The high throughput discovery of new materials can be achieved by rapidly screening many different materials synthesised by a combinatorial approach to identify the optimal material that fulfils a particular biomedical application. Here we review the literature in this area and conclude that for polymers, this process is best achieved in a microarray format, which enable thousands of cell-material interactions to be monitored on a single chip. Polymer microarrays can be formed by printing pre-synthesised polymers or by printing monomers onto the chip where on-slide polymerisation is initiated.
The surface properties of the material can be analysed and correlated to the biological performance using high throughput surface analysis, including time-of-flight secondary ion mass spectrometry (ToF-SIMS), X-ray photoelectron spectroscopy (XPS) and water contact angle (WCA) measurements. This approach enables the surface properties responsible for the success of a material to be understood, which in turn provides the foundations of future material design. The high throughput discovery of materials using polymer microarrays has been explored for many cell-based applications including the isolation of specific cells from heterogeneous populations, the attachment and differentiation of stem cells and the controlled transfection of cells.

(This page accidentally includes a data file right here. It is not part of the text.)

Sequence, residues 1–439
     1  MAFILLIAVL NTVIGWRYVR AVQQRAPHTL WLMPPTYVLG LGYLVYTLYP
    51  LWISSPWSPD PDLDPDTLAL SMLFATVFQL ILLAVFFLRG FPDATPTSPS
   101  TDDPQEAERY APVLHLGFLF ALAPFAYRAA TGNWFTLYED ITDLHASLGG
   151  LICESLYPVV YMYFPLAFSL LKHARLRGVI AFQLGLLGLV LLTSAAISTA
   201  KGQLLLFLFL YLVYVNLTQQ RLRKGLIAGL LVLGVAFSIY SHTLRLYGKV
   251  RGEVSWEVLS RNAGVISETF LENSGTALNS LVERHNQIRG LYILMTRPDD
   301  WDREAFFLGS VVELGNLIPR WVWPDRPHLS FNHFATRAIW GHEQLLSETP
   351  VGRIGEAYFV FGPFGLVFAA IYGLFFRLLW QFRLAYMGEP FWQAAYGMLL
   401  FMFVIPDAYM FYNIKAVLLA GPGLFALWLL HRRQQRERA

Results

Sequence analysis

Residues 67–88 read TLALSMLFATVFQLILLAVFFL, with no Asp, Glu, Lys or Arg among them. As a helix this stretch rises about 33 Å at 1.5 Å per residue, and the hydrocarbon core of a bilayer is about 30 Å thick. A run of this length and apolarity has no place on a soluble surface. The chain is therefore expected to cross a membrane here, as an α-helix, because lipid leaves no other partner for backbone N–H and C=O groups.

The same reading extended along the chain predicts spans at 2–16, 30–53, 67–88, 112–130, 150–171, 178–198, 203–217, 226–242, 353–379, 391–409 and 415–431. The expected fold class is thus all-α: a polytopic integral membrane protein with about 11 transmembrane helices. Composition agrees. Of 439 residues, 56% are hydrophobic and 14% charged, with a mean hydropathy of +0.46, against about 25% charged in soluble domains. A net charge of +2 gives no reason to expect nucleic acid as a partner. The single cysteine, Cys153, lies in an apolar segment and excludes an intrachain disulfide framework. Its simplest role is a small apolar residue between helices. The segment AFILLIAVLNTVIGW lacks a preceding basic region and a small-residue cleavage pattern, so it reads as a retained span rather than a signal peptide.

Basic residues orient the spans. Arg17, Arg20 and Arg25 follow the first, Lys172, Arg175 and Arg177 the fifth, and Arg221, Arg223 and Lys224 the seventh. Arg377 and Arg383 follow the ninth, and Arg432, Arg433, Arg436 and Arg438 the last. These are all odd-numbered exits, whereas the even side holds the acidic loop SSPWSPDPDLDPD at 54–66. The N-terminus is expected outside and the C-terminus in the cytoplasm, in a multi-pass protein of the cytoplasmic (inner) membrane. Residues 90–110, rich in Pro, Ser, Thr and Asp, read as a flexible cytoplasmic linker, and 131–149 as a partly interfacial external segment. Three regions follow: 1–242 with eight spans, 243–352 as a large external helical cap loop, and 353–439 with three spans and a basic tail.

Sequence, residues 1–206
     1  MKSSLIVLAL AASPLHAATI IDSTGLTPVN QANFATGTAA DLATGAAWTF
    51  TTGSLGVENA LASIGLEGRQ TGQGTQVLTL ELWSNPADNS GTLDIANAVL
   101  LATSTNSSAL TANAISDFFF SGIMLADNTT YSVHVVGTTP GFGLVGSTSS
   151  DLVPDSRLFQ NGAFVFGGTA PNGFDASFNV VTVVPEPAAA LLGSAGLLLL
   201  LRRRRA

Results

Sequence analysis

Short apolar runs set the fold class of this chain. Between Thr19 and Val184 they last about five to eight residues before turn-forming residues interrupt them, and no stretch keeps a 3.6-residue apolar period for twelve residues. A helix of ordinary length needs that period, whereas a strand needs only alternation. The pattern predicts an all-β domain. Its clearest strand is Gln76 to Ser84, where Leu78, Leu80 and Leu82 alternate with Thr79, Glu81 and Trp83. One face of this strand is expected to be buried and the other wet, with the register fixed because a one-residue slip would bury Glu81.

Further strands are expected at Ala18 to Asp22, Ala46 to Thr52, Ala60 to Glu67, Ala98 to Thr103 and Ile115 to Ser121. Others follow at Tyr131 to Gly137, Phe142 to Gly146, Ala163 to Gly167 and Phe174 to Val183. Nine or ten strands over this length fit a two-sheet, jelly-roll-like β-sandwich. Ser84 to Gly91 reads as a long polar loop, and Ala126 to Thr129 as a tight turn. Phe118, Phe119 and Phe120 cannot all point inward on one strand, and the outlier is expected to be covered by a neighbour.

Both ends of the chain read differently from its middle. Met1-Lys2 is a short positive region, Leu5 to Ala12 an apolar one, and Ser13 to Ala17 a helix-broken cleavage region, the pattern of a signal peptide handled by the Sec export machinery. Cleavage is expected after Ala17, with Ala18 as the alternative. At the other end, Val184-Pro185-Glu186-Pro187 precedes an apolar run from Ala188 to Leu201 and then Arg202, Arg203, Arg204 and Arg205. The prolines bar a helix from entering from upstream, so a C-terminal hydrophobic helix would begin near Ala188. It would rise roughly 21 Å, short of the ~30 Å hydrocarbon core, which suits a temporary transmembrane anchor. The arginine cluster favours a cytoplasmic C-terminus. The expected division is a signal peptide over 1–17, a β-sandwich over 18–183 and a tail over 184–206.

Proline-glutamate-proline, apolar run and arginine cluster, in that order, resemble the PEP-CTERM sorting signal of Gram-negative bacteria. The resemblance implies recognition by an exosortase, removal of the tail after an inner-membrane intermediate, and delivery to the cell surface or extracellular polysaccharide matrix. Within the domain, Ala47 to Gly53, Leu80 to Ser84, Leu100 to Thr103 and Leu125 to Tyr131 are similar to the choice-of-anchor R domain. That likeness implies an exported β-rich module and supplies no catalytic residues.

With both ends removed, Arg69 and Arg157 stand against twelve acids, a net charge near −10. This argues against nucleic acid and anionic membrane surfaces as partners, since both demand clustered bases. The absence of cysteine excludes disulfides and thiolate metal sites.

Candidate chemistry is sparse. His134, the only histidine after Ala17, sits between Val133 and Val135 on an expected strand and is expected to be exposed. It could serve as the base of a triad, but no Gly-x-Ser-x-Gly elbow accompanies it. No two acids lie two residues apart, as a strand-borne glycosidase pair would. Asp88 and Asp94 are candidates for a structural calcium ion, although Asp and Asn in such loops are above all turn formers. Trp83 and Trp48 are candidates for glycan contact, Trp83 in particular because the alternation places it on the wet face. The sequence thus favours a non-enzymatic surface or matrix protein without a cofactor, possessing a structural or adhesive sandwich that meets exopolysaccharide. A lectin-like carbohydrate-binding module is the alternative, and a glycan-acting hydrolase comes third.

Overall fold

Further development of polymerisation techniques and high throughput biological assays amenable to the polymer microarray format will broaden the combinatorial space and biological phenomenon that polymer microarrays can explore, and increase their efficacy. This will, in turn, result in the discovery of optimised polymeric materials for many biomaterial applications.
Hook, A. L., Anderson, D. G., Langer, R., Williams, P., Davies, M. C., & Alexander, M. R. (2010). High throughput methods applied in biomaterial development and discovery. Biomaterials, 31(2), https://doi.org/10.1016/j.biomaterials.2009.09.037